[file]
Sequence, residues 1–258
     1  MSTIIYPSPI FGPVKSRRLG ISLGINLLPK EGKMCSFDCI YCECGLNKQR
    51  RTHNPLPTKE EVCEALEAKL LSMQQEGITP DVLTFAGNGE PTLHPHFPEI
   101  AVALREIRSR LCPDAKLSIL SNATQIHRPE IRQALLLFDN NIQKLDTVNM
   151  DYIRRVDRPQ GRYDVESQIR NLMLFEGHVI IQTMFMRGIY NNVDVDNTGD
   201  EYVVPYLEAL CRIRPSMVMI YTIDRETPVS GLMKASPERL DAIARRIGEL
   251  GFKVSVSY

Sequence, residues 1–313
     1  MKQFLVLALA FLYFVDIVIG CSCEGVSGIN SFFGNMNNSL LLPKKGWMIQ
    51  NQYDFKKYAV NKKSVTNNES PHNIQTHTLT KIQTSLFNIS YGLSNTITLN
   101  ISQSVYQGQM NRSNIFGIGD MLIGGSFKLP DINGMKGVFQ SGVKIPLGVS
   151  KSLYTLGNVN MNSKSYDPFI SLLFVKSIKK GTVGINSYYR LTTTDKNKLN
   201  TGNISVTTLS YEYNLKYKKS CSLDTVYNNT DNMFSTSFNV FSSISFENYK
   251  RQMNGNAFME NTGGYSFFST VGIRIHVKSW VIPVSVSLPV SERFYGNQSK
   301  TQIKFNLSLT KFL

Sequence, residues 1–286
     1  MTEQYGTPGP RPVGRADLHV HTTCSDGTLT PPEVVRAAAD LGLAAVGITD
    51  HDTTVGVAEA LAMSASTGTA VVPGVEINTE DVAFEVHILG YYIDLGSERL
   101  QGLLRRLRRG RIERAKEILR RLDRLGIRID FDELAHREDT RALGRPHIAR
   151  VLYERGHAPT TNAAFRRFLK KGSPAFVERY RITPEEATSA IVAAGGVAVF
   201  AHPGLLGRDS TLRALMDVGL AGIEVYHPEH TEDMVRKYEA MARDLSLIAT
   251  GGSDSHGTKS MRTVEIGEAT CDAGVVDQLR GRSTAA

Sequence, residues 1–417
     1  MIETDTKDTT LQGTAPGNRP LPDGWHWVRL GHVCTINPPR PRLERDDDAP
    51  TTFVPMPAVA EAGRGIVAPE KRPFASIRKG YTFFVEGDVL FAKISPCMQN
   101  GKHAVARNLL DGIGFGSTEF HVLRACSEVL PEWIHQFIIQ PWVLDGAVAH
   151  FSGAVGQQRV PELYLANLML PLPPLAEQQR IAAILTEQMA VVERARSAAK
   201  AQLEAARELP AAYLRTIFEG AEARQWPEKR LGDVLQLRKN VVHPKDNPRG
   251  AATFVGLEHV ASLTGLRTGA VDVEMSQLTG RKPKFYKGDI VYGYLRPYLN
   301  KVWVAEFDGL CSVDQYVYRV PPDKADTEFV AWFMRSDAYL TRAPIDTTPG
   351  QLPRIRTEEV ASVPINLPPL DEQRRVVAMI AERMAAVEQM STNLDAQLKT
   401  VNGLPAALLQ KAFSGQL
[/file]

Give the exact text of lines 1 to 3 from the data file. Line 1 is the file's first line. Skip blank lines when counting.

Sequence, residues 1–258
     1  MSTIIYPSPI FGPVKSRRLG ISLGINLLPK EGKMCSFDCI YCECGLNKQR
    51  RTHNPLPTKE EVCEALEAKL LSMQQEGITP DVLTFAGNGE PTLHPHFPEI